Salon / Caitlin Shamberg
Wong Kar-wai, director of “My Blueberry Nights.”
So there I was, waiting for the elevator in the Regency Hotel on Manhattan’s Upper East Side. The Regency is pretty much a generic New York luxury hotel, but for whatever reason it’s become home-away-from-home for the global media biz, and you’re always liable to bump into somebody who looks familiar and not feel sure if that’s really Ryan Seacrest or Barry Diller or Gong Li or Atom Egoyan.
In this case, I was riding up to the 18th floor to meet the Hong Kong film director Wong Kar-wai, so when a handsome Asian man with close-cropped hair and dark, rectangular sunglasses strode up with a small retinue of handlers, I was on pretty safe terrain. A publicist introduced me to Wong and his wife, Esther, and we made some customary small talk on the way up. They needed to go to their room so Wong could have a cigarette and a cup of tea, and then they’d be ready for our interview.
None of us paid much attention to the middle-aged African-American man who was with us in that crowded elevator, wearing a baseball cap and a warmup jacket. He asked me if it was raining outside and I said it was. But after I looked at him, I had that reaction: That guy looks familiar somehow. When we reached his floor, he excused himself and got out. I was standing next to one of the publicists for Wong’s new film, “My Blueberry Nights,” and we both noticed that the man had the number “44″ stitched in small numerals just below the neck of his custom-made jacket. We looked at each other. How were we going to explain to Wong Kar-wai who Reggie Jackson was? And how were we to keep living in a universe that contained both of them, the Chinese art-film god who makes waking dreams and the onetime Yankee superstar who seemed to single-handedly save a dying city in the late ’70s?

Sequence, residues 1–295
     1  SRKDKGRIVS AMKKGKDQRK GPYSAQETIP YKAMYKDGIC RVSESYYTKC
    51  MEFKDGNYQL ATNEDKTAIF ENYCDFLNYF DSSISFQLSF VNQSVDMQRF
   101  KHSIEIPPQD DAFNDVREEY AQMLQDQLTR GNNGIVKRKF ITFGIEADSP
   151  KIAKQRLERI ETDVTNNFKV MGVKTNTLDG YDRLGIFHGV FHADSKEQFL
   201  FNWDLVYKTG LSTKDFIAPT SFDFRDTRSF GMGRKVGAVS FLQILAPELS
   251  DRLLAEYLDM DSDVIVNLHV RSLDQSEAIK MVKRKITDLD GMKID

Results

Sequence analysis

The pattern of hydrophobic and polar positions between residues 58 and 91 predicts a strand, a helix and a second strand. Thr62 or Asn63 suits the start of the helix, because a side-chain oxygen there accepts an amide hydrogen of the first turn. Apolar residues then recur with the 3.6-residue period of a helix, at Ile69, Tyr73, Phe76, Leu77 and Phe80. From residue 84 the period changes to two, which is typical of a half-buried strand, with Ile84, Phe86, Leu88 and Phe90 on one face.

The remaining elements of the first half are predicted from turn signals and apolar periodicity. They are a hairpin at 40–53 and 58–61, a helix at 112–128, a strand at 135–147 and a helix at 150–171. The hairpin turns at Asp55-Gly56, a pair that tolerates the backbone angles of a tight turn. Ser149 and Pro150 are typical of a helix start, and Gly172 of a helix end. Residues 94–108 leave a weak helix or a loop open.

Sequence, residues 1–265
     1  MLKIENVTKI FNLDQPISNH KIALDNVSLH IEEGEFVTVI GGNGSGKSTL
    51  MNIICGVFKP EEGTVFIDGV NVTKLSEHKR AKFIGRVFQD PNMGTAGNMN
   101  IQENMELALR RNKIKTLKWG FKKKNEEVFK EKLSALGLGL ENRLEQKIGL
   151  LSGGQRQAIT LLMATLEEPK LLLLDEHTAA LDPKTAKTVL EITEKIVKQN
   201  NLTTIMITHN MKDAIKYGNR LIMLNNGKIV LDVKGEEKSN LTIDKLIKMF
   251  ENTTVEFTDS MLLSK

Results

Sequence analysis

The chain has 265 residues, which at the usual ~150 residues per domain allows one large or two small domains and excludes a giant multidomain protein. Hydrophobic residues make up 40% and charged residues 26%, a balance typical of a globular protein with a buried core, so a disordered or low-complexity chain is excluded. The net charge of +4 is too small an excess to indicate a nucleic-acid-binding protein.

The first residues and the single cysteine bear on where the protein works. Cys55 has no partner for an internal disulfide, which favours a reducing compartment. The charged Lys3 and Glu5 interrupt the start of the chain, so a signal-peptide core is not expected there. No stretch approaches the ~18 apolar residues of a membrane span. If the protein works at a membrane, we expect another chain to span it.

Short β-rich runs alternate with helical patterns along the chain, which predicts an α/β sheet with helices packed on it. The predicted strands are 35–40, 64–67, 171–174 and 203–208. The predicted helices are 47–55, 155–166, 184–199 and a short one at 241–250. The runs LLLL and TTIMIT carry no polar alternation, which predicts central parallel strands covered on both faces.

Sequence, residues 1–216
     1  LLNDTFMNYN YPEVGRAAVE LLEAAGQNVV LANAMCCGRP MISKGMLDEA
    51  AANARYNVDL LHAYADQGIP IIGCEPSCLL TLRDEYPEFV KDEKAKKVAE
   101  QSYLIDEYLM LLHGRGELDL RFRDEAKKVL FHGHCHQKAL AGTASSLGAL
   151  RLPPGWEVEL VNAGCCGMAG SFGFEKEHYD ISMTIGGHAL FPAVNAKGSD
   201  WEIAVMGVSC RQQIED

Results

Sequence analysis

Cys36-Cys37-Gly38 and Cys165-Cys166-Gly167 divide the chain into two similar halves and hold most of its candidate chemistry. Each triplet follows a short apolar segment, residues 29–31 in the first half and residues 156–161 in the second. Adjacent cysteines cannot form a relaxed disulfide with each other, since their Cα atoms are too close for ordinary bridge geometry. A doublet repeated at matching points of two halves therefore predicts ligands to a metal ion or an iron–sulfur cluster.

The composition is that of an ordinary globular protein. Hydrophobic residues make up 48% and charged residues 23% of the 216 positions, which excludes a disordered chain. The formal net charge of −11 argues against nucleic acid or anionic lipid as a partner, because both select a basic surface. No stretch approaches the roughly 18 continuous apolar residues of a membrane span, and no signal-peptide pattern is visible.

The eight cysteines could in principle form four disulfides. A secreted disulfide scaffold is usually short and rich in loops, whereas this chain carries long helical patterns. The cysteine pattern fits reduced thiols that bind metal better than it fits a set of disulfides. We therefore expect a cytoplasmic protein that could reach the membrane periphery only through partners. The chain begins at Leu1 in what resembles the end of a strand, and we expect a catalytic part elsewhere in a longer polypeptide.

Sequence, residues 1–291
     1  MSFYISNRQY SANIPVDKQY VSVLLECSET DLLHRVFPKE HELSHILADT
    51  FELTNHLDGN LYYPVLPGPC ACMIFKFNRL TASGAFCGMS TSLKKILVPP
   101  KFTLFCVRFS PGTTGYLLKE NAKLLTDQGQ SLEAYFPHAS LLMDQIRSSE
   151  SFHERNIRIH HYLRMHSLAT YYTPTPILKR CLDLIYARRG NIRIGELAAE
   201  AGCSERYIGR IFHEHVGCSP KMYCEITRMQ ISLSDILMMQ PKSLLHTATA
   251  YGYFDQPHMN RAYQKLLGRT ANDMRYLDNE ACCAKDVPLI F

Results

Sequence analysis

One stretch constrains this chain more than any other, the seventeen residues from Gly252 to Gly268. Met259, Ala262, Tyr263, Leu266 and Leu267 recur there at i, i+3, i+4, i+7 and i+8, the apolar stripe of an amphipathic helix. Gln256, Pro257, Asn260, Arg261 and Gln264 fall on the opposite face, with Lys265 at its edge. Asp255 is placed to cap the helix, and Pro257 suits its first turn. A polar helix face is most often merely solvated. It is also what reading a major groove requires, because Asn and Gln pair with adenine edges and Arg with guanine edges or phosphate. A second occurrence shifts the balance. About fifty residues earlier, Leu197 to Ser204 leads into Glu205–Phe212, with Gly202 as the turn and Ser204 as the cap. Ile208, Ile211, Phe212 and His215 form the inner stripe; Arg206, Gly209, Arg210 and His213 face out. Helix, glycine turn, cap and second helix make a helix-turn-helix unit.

For me, anyway, it was an impossible collision between manhood and boyhood, between disparate realms of dream. My memories of Reggie Jackson go back to the legendary feuding, fighting, colossally underpaid Oakland A’s championship teams of the early ’70s — his later feats of Yankee heroism occurred impossibly far away, on a mythic stage. Wong Kar-wai represents something as far away from that as you can get, a gorgeous, self-consciously romantic version of cinema that fused Western and Eastern art in an unlikely fusion.
All we did was tell Wong that the man who had just departed was “a very famous American baseball player.” I didn’t think of mentioning Spike Lee’s film “Summer of Sam,” a movie Wong may well have seen in which Jackson plays a crucial symbolic role. Someone quicker on the draw might have tried to introduce them to each other, but toward what end? Not all competing universes are meant to be harmonized.
After I got to Wong’s room, his wife offered me and Salon’s videographer cups of delicious green Oolong tea, from a tall green tin marked “103.” (If anybody knows where to find it, I’m eager to know.) They were so hospitable and charming that I repented of my uncharitable feelings toward “My Blueberry Nights.” I’ll have further comments on the film — and, more important, the actual interview with Wong Kar-wai — in tomorrow’s post.